Yet her achievement is all the more remarkable when I phrase my lead sentence a bit differently: This girl I knew in college is an authentic Broadway diva now. And while I often find myself astonished by the miracles my friends can accomplish — from singing Strauss to building houses, from writing operas to cooking choucroûte à l’oie — the job classification is so particular, the designation so select, the number of office-holders so small, that my astonishment in Ann’s case bears repeating.
This girl I knew in college is an authentic Broadway diva now.
We had clues, even in college, and I suppose I had more than most others, since I watched Ann in every rehearsal and performance of Leonard Bernstein’s Candide at Brown. She played the Old Lady, and I can vouch for the fact that she didn’t rely merely on comical incongruity (tiny young woman of Asian-American heritage plays battered Rovno-Gubernian crone with nearly impenetrable Borscht Belt accent) to make an impact. Watching her cavort in “I Am Easily Assimilated,” you knew she was a star on the rise.
But success on the stage of Faunce House in Providence doesn’t entirely prepare a performer for a career on Broadway, and a number of actors (including this writer) retire when they graduate. To succeed in New York, an actor has to possess plenty of luck and pluck, yes, and Ann had to work and to wait for a very long time before her big break. But during that time, she had also built upon her strengths and skills, as an actor must, in order to blossom like a flower when the little sun of the spotlight fell on her at last.
So it’s fascinating for me to see Ann now — and especially fascinating to listen to her. She was always terrific, as I say, and yet she’s audibly grown up. Her voice in maturity is a thing of beauty and power, her registers seamless and her range (as she demonstrated by taking the Sarah Brightman part in a duet from Phantom of the Opera last night) phenomenal. I’m now confident that the note she can’t hit has never been written. Get her enough Avenue Q puppets, and she could sing the Lucia sextet as a solo.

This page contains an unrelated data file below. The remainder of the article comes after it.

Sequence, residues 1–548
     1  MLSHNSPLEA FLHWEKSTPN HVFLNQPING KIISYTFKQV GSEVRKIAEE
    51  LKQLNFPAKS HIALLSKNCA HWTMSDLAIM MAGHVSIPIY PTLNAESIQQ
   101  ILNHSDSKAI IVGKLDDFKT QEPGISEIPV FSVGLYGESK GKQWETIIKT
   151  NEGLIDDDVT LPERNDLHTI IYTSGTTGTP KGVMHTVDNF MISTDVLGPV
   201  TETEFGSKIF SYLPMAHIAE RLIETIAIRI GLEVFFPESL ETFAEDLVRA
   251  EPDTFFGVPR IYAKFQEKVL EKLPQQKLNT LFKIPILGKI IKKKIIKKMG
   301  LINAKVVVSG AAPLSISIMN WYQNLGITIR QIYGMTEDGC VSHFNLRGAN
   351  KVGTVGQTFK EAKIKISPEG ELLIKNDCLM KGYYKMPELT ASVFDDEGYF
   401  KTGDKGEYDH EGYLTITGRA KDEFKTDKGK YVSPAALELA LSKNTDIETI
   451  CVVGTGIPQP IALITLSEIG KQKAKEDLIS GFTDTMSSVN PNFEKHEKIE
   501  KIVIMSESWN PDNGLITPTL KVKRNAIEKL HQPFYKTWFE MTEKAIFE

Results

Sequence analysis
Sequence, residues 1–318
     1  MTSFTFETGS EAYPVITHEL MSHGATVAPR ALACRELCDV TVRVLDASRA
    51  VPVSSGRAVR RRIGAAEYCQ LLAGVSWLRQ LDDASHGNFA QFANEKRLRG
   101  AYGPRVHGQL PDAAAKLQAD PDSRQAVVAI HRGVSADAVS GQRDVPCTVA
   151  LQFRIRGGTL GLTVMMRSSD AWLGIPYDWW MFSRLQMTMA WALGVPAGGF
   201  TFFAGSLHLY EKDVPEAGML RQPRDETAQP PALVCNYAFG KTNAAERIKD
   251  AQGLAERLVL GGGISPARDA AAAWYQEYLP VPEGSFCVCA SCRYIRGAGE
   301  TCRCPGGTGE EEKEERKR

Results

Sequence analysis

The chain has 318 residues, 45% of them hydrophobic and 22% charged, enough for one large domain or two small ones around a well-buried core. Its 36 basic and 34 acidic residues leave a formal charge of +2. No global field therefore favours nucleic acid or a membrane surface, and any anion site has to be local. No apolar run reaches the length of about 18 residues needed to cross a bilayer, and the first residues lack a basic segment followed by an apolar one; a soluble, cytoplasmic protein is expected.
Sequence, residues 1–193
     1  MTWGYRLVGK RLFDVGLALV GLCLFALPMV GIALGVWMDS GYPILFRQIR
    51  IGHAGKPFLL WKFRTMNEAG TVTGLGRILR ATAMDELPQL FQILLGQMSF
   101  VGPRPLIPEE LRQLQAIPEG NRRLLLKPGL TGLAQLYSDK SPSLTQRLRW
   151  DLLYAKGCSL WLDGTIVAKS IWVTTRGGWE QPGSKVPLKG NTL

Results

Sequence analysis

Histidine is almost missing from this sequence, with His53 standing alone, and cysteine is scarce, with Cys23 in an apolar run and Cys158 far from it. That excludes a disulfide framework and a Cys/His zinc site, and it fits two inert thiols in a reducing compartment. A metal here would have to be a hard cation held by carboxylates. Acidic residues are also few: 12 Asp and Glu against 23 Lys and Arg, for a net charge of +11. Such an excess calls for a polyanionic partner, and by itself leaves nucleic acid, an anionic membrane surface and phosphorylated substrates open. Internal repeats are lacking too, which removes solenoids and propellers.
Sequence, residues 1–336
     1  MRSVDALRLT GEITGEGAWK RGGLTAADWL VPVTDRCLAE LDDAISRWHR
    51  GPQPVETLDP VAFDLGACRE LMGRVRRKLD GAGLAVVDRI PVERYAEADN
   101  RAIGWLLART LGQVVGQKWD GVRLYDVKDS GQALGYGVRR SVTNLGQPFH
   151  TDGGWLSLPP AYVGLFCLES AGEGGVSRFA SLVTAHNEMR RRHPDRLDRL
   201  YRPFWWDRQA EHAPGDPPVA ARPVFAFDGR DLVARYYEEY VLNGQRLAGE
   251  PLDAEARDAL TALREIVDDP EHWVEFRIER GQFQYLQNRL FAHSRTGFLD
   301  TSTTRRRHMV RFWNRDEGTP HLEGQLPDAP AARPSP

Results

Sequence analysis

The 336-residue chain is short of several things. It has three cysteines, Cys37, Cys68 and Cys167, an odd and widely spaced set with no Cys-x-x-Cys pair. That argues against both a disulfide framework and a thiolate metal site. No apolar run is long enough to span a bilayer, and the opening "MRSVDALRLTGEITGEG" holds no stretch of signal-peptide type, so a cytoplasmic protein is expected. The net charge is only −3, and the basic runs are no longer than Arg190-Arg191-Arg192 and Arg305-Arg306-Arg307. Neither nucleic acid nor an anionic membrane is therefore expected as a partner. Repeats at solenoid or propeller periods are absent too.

Beyond technique, her voice has character, and that’s perhaps the most wonderful thing about Ann’s singing. Whether big and brassy or tender and sweet, she sounds like a real Broadway diva — which is to say that she sounds entirely and exclusively like herself. (And possibly a little bit like the legions of gay men who are imitating her at any given moment.)
This was the first time I’d seen Ann onstage in —
well, never mind how long.
It would be lovely to take credit for Ann’s talent, or even just to say I’d witnessed every step in its evolution, but the sad fact of the matter is that, as Ann gently pointed out, I wasn’t around. Her phenomenal career must be included among the many other developments (the growth of friends’ children, the disappearance of old haunts, etc.) for which my long Rip van Winkle nap hasn’t prepared me.
Yet how thrilling it is to wake up, to hear Ann, and to realize that she’s in her prime as a Broadway diva. Sometime tonight, in a piano bar near you, someone will imitate her. And right now, somewhere in the Midwest, some kid is playing her recordings, and singing along with her. Another New York story has begun.
Even if you didn’t attend her show last night, you can make Ann (and me) very happy, by making a donation to Broadway Cares/Equity Fights AIDS. Just click here.